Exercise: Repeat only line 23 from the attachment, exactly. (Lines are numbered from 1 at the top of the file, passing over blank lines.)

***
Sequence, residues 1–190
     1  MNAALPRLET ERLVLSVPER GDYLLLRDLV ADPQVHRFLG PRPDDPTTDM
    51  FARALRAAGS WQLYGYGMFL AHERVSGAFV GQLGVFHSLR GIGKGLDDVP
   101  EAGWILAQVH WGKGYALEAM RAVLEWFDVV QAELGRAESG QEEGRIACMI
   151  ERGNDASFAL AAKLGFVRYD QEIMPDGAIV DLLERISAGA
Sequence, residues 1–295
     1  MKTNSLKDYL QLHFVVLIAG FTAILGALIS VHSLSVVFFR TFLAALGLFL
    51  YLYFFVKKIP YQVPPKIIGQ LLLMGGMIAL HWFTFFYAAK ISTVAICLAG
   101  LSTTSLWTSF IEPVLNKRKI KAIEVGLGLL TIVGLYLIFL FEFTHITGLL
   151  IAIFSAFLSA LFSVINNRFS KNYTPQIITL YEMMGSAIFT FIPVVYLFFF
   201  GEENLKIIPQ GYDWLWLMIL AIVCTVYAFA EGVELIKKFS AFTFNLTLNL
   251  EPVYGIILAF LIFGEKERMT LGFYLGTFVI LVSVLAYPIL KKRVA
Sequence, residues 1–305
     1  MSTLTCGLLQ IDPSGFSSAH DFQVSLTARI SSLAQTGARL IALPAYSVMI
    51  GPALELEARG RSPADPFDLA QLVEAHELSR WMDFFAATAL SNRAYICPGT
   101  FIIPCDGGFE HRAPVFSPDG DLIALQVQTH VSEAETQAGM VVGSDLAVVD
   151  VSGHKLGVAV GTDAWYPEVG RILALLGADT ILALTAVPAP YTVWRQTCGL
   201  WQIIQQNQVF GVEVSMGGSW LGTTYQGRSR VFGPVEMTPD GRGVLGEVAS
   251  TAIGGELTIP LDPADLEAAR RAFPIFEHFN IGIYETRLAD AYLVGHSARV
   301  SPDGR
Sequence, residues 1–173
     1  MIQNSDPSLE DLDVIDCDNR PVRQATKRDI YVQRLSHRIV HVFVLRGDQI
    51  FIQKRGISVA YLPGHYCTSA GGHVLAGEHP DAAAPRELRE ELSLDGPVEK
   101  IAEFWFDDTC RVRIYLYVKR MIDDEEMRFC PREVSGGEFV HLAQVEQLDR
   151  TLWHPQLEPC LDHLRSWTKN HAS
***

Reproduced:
    51  FIQKRGISVA YLPGHYCTSA GGHVLAGEHP DAAAPRELRE ELSLDGPVEK